Hailed in ancient Eastern medicine as the “mushroom of immortality” and the “medicine of kings,” you’d expect reishi to offer you some pretty astounding health benefits, right? Your assumptions are correct. This prized fungus may be able to boost your immune system, fight cancer, ward off heart disease, calm your nerves and relieve both allergies and inflammation.
“Reishi indeed sounds like a cure-all,” writes Rebecca Wood in her book “New Whole Foods Encyclopedia.” She goes on to explain reishi’s wide range of uses: “An immunostimulant, it is helpful for people withAIDS, leaky-gut syndrome, Epstein-Barr, chronicbronchitisand other infectious diseases. It is used as an aid tosleep, as a diuretic, as a laxative and tolower cholesterol.” It almost seems too good to be true.
How can one fungus help thehuman bodyin so many ways? Traditional Eastern medicalscienceexplains reishi’s wide range ofmedicinalapplications better, perhaps, than mainstreammedicineever could. According to Eastern thought, thebodyneeds to defend itself against threats to its “equilibrium.” These threats can be physical, such asvirusesand bacteria that causeinfection; emotional, such as stressors that causeanxiety; or energetic, in that they reduce alertness. Whatever the threat,reishihelps the body maintain its defense against these threats to its equilibrium, helping the body to maintainbalance. In this sense, diseases likeheart diseaseand cancer mean that the body is out of balance, which is why an equilibrium-enhancing remedy such as reishi can help so many diverse ailments.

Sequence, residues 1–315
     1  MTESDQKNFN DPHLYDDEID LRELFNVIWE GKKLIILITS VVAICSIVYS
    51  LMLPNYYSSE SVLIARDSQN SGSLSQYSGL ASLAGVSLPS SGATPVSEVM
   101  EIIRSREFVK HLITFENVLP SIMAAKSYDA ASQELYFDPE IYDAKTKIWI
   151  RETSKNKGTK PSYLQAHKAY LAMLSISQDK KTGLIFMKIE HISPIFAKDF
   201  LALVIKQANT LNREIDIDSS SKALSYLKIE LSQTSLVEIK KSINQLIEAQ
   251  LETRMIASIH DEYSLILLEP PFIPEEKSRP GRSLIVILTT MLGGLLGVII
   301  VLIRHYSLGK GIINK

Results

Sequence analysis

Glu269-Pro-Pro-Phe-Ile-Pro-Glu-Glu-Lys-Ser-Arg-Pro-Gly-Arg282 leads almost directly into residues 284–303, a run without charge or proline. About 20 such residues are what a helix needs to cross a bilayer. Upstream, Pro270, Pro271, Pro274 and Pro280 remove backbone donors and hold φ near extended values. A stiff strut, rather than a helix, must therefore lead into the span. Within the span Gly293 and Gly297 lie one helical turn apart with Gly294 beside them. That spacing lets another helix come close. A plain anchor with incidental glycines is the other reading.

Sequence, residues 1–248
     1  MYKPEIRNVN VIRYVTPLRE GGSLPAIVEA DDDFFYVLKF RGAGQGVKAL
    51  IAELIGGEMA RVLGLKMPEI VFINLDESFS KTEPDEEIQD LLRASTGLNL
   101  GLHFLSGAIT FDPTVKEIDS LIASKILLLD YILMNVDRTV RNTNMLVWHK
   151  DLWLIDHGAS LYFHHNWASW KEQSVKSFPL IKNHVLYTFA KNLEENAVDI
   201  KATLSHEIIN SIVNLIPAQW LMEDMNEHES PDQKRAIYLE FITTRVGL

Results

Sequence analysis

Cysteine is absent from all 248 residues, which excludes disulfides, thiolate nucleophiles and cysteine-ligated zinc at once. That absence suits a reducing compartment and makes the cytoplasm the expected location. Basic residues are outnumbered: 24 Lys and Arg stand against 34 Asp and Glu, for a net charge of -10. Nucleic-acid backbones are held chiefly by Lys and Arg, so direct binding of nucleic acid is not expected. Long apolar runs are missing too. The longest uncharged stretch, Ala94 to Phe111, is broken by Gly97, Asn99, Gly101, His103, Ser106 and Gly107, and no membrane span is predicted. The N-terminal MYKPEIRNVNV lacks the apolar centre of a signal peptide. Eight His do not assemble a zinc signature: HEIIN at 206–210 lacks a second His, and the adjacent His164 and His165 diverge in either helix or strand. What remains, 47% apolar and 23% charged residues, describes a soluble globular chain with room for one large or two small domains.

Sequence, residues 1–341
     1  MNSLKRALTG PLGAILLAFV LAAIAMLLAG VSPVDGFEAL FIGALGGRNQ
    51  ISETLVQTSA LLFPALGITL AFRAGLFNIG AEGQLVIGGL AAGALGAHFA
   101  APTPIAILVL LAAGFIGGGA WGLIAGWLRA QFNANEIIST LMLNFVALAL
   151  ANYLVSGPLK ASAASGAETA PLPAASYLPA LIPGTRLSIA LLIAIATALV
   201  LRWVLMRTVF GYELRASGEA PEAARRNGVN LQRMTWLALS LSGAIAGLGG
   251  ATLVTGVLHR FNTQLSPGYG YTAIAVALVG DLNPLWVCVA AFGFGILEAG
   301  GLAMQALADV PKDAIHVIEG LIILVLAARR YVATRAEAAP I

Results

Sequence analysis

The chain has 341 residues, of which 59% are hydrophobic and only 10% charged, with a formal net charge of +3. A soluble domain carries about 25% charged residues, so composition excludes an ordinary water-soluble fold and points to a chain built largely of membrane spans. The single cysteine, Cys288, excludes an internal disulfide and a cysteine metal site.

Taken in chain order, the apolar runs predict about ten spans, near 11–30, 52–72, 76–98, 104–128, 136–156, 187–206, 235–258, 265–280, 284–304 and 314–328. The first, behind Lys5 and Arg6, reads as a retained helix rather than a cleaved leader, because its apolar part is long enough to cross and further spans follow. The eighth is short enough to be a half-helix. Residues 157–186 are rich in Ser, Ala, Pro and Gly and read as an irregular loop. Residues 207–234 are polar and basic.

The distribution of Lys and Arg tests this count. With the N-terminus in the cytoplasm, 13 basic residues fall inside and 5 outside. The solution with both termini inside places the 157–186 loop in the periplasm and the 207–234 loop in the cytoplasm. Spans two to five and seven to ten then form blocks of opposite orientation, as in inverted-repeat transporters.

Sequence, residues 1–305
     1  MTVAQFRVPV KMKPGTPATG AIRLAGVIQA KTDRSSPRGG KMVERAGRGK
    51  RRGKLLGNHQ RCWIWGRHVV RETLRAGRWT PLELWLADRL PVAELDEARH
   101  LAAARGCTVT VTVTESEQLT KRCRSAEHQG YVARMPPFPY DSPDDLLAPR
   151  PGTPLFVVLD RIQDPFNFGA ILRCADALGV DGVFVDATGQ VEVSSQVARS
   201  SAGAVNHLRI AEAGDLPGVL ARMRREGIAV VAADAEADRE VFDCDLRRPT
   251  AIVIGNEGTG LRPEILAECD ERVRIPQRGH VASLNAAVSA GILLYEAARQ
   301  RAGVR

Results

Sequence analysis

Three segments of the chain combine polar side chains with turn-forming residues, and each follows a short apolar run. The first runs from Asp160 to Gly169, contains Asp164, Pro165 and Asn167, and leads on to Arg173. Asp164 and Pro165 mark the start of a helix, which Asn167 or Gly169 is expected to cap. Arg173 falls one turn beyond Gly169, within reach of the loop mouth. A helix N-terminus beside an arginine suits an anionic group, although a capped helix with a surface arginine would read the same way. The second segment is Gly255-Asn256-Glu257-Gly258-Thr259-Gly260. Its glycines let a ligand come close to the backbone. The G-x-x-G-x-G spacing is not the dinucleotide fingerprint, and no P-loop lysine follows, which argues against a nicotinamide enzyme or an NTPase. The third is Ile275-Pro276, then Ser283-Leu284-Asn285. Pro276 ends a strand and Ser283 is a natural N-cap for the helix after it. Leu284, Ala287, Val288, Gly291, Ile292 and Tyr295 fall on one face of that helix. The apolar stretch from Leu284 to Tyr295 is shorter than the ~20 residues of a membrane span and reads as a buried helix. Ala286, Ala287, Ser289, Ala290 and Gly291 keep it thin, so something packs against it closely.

Skeptics can doubt the previous explanation as Taoist “mumbo jumbo,” but laboratoryresearchproves many of reishi’s medicinal applications. As Dr. Andrew Weil writes, reishi “has been the subject of a surprising amount ofscientific researchin Asia and the West.” Research shows that the polysaccharide beta-1,3-D-glucan in reishi boosts theimmune systemby raising the amount of macrophages T-cells, which has major implications for people suffering from AIDS and other immune systemdisorders.